Feel stuck in your job? Find yourself daydreaming about a new career?
Come hear our panelists and learn how they successfully changed career direction (some more than once) and found satisfying employment. These career changers will discuss their catalysts for change, fears and mistakes, successful strategies, and thoughtful insights.
In Pursuit of the Perfect Career will take place at the Mercer Island Community and Event Center
, located at 8236 SE 24th St. The event is free for PSCDA members and $10 for nonmembers. Snacks provided.
Sharon Giampietro — from Social Worker to TV Producer to Real Estate Agent
Sharon consciously chose three very different careers during her working life to enable her to capitalize on her diverse interests and talents. As a social worker she was able to use her helping skills, as a TV producer, her creativity, and as a real estate agent, her business acumen. For the past eight years Sharon has enjoyed a successful career with Re/Max Northwest Realtors.
Dawn Flannum — from Banker to Animal Behaviorist
A successful branch manager in the banking industry, Dawn was looking for a new career that would allow her to use her analytical and management skills for the greater good. Through her research and introspection she narrowed her choices to occupational/physical therapy or working with animals. Dawn eventually took a job as a canine coach for a pet training company and has become increasingly involved in the field of animal behavior.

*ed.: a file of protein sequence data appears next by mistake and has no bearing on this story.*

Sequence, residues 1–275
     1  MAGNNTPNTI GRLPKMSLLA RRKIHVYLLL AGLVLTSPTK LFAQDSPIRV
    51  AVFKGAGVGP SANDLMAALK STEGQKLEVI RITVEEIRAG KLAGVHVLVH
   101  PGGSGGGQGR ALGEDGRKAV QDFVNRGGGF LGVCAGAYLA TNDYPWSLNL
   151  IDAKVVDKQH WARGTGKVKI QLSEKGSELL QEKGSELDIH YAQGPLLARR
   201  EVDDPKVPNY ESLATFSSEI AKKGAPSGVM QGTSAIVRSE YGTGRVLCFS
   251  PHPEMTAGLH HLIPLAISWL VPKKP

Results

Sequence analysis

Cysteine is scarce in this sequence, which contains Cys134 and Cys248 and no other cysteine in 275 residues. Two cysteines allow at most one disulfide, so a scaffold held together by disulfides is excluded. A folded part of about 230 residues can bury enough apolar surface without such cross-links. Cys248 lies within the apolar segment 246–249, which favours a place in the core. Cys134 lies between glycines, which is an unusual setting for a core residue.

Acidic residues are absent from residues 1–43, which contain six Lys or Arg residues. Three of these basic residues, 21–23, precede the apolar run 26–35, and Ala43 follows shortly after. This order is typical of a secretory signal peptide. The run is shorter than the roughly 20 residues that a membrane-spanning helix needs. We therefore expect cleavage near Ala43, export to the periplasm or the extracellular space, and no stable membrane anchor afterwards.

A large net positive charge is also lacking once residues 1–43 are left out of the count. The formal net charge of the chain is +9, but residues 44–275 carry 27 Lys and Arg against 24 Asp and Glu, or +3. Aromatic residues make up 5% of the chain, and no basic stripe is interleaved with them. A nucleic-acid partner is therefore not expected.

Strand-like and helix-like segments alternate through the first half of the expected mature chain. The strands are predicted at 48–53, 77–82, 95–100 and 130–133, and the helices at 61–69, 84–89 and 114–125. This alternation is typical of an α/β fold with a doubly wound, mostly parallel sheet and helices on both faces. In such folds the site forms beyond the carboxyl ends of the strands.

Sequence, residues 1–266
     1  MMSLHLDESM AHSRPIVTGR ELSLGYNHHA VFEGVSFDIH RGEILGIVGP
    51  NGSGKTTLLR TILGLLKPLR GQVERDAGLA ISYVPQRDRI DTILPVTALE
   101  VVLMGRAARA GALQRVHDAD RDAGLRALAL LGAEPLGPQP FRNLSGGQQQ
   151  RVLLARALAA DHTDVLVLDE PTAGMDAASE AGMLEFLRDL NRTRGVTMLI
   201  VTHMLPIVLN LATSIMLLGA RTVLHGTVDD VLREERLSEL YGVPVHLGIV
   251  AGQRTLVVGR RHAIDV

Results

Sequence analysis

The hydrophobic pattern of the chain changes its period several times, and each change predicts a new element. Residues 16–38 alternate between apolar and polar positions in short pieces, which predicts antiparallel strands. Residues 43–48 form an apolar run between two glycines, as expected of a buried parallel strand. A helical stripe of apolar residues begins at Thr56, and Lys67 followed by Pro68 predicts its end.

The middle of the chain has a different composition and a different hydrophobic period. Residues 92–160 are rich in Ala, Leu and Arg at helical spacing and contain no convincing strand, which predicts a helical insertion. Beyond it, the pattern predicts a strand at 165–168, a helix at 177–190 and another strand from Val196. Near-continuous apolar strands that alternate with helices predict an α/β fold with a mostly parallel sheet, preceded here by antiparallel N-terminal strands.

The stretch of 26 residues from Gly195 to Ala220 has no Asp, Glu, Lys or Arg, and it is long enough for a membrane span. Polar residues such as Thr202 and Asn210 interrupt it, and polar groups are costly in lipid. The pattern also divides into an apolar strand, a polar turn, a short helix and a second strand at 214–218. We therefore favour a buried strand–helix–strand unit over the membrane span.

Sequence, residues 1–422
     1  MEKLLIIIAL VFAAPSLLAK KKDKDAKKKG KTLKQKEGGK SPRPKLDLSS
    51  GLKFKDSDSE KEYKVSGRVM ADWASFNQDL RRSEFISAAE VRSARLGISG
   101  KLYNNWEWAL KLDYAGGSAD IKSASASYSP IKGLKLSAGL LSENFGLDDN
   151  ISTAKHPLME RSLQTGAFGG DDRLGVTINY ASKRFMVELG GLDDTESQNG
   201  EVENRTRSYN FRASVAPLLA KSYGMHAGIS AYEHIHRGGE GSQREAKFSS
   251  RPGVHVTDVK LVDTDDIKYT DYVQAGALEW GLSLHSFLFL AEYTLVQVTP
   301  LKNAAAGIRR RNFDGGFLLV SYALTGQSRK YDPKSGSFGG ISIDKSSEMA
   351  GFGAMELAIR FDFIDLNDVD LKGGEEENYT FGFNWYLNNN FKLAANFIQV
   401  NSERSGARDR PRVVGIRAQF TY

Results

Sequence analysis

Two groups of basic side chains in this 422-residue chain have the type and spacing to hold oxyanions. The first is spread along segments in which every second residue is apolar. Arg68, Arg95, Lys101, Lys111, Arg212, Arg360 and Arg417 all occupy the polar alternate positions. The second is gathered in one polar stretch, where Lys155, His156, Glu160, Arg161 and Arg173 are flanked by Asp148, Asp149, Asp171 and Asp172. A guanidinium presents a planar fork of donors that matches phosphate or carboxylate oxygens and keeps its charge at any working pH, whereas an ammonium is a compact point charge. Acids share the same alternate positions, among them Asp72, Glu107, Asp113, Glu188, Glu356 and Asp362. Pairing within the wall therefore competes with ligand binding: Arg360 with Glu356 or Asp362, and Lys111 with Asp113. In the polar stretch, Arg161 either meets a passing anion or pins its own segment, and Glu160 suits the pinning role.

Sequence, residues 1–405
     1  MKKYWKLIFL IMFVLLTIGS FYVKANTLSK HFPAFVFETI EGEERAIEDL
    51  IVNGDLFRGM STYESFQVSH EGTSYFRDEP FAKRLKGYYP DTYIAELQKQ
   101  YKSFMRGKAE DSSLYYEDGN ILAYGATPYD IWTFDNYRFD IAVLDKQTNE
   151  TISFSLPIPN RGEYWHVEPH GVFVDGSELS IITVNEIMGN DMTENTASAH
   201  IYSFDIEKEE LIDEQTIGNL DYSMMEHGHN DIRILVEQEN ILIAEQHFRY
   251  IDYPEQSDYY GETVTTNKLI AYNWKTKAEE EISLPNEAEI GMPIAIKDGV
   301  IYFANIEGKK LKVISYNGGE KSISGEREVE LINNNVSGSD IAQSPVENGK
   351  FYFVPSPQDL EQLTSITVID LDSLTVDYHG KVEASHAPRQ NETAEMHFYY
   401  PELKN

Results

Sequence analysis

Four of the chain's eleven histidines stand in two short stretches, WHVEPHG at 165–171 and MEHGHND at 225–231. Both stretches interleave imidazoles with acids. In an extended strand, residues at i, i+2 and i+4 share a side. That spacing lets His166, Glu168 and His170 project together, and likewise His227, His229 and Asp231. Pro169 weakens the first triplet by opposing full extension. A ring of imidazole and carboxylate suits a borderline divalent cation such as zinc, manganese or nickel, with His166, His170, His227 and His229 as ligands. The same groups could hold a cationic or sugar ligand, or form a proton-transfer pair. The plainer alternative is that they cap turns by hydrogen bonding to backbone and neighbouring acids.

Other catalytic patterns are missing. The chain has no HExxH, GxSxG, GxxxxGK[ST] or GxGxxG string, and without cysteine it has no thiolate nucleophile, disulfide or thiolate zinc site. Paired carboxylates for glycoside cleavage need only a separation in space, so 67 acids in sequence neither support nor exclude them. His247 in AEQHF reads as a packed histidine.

Jake Domer — from Finance to Staffing Specialist
Jake is the owner of the Express Employment Professionals in Bellevue. Prior to owning a staffing agency, Jake held a variety of executive banking roles, was controller of two different high tech companies, and an audit consultant for Deloitte. Acquiring Express Professionals allowed Jake to leverage his broad corporate experience and expertise in conjunction with his passion for growth and people development.
Chuck Tiernan — from Journalism to Sales to PR/Development
Sales was paying the bills as Chuck tried to break into the newspaper industry. But after six years of selling things — and stories — for a profit, Chuck discovered he could combine his writing skills with the art of salesmanship to “sell” the positives of a local medical center to its community. His involvement and advocacy for organizations doing good for others led him to doing “PR for a purpose” — to raise money and awareness for the nation’s leading dropout-prevention organization.